Fire Marshal Concedes on High Rise Sprinkler Mandate

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    NEWSLETTERS

    State Fire Marshal Larry Matkaitis did an abrupt about-face Friday, withdrawing a proposed rule which would have required the installation of fire sprinklers in hundreds of residential high rises. NBC 5 investigates and Phil Rogers reports.

    The State Fire Marshal is throwing in the towel.

    Declaring in a statement, “I believe that any new sprinkler mandate should include open and full discussions with all stakeholders,” Fire Marshal Larry Matkaitis essentially conceded he could not unilaterally implement a change of state rules that would mandate fire sprinklers in all residential high rises in Chicago, as well as new construction of single family homes, as he proposed last summer.
    Fanned by condo organizations and realty groups who warned of exhorbitant installation costs, the proposal faced a firestorm of resistance from high rise residents.  Fire officials across the state, who supported Matkaitis, called the cost estimates “scare tactics” that used inflated numbers.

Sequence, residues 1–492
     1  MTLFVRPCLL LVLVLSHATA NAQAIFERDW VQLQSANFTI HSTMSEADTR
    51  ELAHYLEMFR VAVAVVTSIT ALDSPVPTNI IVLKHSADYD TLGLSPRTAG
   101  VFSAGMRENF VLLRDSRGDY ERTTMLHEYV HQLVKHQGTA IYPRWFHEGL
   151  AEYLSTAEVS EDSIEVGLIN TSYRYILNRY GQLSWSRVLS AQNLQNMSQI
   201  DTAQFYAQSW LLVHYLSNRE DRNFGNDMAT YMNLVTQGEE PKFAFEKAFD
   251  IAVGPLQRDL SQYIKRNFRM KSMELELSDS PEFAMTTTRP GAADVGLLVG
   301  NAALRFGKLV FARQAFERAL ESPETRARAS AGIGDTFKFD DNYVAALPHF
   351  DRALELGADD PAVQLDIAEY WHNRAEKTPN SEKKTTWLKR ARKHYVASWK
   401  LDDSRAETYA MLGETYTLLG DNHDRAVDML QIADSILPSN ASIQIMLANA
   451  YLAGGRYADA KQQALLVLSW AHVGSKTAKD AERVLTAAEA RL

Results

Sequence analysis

But the damage was done.  The Fire Marshal encountered stiff political resistance in Springfield, and eventually withdrew the proposal.
    “We reached this resolution because we have a common goal to determine and implement the most effective and practical fire safety measures in our state,” said State Representative Sara Feigenholtz, a Chicago Democrat.  “Thousands of people have sent clear messages to the Fire Marshal over the past few months, that a unilateral, statewide sprinkler mandate is bad public policy.  We now have assurance that any future fire sprinkler proposals will be considered with full transparency and open discussion.”
    “As long as I am Fire Marshal, I intend to work with local government officials, public safety officials, and all stakeholders to pass any new sprinkler laws through the General Assembly,” Matkaitis wrote.  “I look forward to continued conversations with all stakeholders, on how we can achieve the goal of improving fire safety in Illinois.”
    Most observers believe the likelihood of political support for a significant code change appears slim.  Industry lobbyists pressed hard against the proposed new rules last year.  And the City of Chicago has long ignored a state fire code which already mandates fire sprinklers in residential buildings, claiming home rule.

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